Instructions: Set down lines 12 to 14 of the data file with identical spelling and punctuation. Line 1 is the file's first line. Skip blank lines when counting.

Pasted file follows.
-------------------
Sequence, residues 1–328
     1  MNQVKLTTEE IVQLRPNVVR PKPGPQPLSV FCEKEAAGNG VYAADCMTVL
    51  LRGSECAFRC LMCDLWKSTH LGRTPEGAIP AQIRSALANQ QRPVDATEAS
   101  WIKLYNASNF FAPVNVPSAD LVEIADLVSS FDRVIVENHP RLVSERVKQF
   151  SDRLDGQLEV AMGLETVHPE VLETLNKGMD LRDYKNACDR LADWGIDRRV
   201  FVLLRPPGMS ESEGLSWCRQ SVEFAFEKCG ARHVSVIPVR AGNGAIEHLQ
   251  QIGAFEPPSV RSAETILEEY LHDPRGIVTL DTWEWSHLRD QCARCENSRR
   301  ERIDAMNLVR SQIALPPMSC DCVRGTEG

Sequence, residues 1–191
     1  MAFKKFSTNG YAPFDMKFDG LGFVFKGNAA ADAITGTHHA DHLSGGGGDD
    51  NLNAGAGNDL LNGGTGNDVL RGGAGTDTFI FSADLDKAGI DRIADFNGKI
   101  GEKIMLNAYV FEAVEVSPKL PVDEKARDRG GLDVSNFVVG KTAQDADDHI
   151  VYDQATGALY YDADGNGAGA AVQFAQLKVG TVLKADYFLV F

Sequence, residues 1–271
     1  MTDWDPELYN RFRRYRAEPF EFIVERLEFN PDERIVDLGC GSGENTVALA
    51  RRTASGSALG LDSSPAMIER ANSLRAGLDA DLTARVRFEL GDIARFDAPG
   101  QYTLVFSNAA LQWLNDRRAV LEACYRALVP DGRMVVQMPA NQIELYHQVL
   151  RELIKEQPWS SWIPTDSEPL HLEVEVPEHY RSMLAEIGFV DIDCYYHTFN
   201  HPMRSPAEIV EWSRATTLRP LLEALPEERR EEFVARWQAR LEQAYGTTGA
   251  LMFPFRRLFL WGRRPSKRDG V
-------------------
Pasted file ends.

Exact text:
   101  GEKIMLNAYV FEAVEVSPKL PVDEKARDRG GLDVSNFVVG KTAQDADDHI
   151  VYDQATGALY YDADGNGAGA AVQFAQLKVG TVLKADYFLV F

Sequence, residues 1–271